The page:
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Array-Tours

You are here: irt.org | Articles | JavaScript | Location | Array-Tours [ previous next ]

Published on: Wednesday 1st January 1997 By: Martin Webb

Tour Components

The Array-Tour demonstration is made up of three basic HTML files:

Note, the files do not need to be called this, but this is what has been used in this Array-Tour. There is also no restriction on the number of files that make up the tour.

The tour.htm file contains HTML to define the size, position and initial contents of two frames. The basic HTML without the completed JavaScript looks like this:

<html>
<head><title>Array-Tour Navigation</title></head>

<script language="JavaScript"><!--
//-->
</script>

<frameset frameborder="0" framespacing="0" rows="50,*">
<frame scrolling="no" frameborder="0" marginheight="0"
    marginwidth="0" name="nav" noresize src="tour-n.htm">
<frame scrolling="yes" frameborder="0" marginheight="0"
    marginwidth="10" name="workarea" noresize src="tour1.htm">
</frameset>

</html>

The Frameset tags place the contents of tour-n.htm in the nav frame, and tour1.htm in the workarea frame.

Note that there isn't a Body tag as it is not required, and that the Frameset appears after the JavaScript otherwise the scripts may not be recognised by individual browsers.

The tour-n.htm uses the combination of a Table and a Form to display the navigation buttons. The basic HTML without the completed JavaScript looks like this:

<html>
<body>

<center>
<table height="100%"><tr><td>

<form name="form1" onSubmit="">

<input type="button" value=" << "  onClick="">
<input type="button" value="  <  " onClick="">
<input type="button" value="  ^  " onClick="">
<input type="button" value="  >  " onClick="">
<input type="button" value=" >> "  onClick="">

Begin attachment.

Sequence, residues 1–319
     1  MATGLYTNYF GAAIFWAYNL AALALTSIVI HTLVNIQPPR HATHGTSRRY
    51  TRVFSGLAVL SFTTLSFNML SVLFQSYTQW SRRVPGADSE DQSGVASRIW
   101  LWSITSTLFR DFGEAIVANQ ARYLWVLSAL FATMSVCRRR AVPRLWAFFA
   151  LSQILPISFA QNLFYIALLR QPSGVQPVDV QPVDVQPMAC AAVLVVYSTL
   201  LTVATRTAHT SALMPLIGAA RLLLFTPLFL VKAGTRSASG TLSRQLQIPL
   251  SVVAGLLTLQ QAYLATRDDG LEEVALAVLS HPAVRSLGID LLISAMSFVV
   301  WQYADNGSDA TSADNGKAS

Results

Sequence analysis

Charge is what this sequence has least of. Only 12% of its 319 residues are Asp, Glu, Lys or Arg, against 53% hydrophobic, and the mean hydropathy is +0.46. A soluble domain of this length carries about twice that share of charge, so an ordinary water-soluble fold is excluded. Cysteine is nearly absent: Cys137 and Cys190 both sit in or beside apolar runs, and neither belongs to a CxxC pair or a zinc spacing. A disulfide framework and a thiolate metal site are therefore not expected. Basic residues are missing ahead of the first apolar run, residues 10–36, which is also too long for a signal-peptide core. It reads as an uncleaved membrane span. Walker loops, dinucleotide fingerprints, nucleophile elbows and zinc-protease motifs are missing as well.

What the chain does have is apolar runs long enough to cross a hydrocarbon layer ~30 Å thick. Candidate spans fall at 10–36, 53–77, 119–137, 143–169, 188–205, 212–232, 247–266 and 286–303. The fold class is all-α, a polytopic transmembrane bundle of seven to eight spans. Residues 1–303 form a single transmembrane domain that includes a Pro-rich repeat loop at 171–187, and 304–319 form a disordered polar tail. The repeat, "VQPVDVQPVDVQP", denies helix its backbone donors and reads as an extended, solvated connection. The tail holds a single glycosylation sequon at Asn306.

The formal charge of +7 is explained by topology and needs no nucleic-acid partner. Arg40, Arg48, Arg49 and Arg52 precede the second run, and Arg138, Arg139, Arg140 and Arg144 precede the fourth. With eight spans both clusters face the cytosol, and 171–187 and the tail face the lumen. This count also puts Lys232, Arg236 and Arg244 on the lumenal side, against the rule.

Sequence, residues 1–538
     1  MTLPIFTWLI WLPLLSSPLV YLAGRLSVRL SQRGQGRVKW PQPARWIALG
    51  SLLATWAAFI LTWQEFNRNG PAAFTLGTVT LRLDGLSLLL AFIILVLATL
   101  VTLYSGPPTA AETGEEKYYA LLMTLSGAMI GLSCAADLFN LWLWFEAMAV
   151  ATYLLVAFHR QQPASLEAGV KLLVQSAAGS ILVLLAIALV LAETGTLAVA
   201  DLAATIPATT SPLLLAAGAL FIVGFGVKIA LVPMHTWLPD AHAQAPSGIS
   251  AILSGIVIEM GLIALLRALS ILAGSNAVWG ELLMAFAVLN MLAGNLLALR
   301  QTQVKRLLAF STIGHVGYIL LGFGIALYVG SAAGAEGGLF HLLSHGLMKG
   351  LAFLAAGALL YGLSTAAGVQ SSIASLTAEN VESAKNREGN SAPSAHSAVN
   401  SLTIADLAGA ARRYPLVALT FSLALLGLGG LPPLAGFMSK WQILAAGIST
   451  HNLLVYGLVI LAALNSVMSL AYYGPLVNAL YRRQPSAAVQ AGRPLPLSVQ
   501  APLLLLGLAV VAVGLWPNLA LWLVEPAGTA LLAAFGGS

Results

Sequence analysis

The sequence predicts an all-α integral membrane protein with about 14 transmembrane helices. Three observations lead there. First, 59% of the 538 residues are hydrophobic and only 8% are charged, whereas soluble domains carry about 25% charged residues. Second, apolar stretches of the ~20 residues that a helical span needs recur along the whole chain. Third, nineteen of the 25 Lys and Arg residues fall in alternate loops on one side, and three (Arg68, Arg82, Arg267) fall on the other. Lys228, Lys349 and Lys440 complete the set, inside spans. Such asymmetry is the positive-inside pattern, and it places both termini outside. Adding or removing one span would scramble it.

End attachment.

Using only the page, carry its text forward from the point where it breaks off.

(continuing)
<select name="select1">

<script language="JavaScript"><!--
//--></script>

</select>
<input type="submit" value="Go">

</form>

<script language="JavaScript"><!--
//--></script>

</td></tr></table>
</center>

</body>
</HTML>

This has defined a Form called form1 which contains a selection called select1. The onSubmit and onClick tags will contain JavaScript described later in the tour.

Note that there are currently no Options within the Selection. The Options will eventually be created by the addition of the JavaScript.

Finally, the contents of the actual tour contained within the HTML files tour1.htm through to tour9.htm.

This is entirely upto you, as there is no need for them to contain any JavaScript whatsoever. In fact you can use existing pages that you have available without making any modifications.

This Array-Tour demonstration does, however, include an example of extra features that can be added. The basic HTML, without the completed JavaScript, for the previous introduction page looks like this:

<html>
<body>

<script language="JavaScript><!--
//--></script>

<p>
Use the navigational aids shown above to follow the Web Site sample tour.
</p>

<p>
The tour will explain how you can create your own Array-Tours.
</p>